“She was the last real individualist around.”
So said Bob Dylan of Amy Winehouse, in an interview published last week to publicize Dylan’s new album.
What Dylan’s attempted to do on his new release, to find “the essence of life” in the torch ballads and pop compositions of the Great American Songbook, was second nature to Winehouse. (One of her strongest latter-day performances was a duet with Tony Bennett on ‘Body and Soul‘.)
Her voice was certainly individualistic – like Dylan’s own, it’s instantly recognizable. It’s hard to think of another 21st century singer whose vocal performances had the same smooth snap and kick.
Or the same intimacy. Like the jazz legend Billie Holiday, who Winehouse is often compared to, the Londoner was never more powerful than when she delivered a love song to a simple accompaniment.
“I had some idea of where they stood, but I hadn’t realized how much of the essence of life is in them – the human condition, how perfectly the lyrics and melodies are intertwined, how relevant to everyday life they are, how non-materialistic.”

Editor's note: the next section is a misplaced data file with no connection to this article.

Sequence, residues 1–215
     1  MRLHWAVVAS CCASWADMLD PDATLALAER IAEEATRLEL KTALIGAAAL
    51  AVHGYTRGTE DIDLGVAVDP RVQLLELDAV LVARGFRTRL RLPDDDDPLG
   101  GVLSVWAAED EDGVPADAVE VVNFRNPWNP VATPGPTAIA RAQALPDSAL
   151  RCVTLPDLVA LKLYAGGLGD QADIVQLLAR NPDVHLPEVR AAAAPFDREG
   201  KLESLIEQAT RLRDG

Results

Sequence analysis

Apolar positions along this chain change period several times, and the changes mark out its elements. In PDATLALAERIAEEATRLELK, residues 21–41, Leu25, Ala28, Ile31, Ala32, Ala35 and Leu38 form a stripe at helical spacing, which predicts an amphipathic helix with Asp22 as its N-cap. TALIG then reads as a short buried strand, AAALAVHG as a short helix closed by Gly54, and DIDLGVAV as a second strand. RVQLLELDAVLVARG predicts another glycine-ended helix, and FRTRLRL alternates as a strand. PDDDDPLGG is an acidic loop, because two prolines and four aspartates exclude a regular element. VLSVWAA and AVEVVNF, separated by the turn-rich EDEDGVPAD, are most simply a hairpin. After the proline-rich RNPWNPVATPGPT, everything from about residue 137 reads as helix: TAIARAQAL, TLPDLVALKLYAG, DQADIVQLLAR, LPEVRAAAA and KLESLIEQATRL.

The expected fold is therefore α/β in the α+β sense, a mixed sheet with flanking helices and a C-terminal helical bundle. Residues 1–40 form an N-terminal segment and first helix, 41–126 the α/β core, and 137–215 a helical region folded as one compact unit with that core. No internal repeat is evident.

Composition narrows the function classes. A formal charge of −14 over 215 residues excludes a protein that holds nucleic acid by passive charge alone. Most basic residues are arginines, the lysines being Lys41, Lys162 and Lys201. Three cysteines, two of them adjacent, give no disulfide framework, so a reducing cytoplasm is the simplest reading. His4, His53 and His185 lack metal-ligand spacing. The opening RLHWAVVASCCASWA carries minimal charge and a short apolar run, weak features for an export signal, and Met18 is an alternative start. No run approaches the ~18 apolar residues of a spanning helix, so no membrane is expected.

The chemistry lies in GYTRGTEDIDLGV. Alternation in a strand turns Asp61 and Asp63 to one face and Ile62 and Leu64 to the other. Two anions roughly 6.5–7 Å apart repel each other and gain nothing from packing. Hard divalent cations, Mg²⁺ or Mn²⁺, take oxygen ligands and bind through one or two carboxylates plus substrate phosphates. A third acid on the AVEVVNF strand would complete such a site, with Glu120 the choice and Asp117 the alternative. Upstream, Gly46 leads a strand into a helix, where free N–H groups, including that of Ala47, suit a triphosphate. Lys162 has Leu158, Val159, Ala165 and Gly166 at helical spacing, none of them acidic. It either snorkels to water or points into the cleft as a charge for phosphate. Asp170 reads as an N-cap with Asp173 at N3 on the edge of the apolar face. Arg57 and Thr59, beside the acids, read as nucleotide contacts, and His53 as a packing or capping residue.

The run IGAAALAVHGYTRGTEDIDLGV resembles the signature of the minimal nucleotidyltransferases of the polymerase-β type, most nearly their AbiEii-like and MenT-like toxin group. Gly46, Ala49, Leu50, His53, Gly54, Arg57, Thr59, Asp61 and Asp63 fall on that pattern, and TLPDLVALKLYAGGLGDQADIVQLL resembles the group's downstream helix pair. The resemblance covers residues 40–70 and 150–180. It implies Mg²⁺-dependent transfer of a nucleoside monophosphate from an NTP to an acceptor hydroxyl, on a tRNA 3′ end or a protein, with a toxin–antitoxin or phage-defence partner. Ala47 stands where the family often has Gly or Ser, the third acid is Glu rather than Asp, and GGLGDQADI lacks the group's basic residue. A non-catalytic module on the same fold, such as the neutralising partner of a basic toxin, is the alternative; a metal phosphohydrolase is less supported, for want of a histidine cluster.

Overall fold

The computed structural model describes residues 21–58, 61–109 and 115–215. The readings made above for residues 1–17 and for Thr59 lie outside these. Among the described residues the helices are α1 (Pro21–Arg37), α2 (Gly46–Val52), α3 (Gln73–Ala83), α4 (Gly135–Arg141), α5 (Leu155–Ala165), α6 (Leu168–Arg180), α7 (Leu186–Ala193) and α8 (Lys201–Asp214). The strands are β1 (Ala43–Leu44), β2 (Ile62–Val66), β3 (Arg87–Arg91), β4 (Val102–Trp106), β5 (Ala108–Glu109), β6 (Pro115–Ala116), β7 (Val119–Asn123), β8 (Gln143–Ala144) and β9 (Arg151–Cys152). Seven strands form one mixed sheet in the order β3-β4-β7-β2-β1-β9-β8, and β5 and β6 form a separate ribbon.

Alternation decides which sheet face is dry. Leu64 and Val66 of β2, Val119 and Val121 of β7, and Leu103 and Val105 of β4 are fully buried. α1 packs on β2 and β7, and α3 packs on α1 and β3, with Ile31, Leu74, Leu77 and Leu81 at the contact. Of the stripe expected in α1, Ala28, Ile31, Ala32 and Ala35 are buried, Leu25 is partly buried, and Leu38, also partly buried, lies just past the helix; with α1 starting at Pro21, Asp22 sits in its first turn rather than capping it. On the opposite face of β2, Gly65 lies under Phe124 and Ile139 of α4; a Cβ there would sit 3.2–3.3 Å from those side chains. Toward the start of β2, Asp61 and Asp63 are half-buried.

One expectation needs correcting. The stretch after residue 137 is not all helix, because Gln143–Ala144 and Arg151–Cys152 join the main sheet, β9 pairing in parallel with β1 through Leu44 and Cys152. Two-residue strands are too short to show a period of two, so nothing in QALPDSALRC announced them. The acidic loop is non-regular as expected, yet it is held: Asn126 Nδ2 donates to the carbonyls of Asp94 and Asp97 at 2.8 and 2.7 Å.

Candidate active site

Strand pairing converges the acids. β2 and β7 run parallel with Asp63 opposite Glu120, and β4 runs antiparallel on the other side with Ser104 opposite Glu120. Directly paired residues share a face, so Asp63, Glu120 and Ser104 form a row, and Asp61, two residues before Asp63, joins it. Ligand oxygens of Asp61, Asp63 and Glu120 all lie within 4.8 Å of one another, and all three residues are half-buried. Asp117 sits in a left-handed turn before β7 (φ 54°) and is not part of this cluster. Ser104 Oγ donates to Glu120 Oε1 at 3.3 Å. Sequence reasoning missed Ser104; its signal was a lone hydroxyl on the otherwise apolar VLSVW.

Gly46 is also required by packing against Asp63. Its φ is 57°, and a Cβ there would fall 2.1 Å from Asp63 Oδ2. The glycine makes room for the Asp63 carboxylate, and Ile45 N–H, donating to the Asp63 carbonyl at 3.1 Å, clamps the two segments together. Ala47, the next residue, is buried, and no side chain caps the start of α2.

So says Dylan of the 1940s and ’50s standards he sings on his new album. It’s an observation that applies to a number of Winehouse songs too, not least her composition ‘Love Is A Losing Game’.
The ballad is one I’ve listened to a hundred times, but it’s never sounded better than the first time I heard it, a decade ago, on a TV broadcast of the 2007 Mercury Music Prize award ceremony.
Winehouse’s album ‘Rehab’, though nominated, didn’t win that night (the nod went to the Klaxons – reinforcing the advice that no-one should ever pay heed to a music critic). But her three-minute live performance will be what the evening is remembered for.
She took to the stage just a month after an alleged drug overdose, the start of a drugs-and-recovery narrative that would continue until her tragic death, less than four years later.
‘Love Is A Losing Game’ was well-known at the time, having been released a year earlier on Winehouse’s ‘Rehab’ album, but the rapt silence and rapturous applause that night gives some indication of what it was like to see it performed in the flesh.
Below, through, and above it all, of course, is her voice. Intimate, declamatory, wistful, surging – not individual but unique.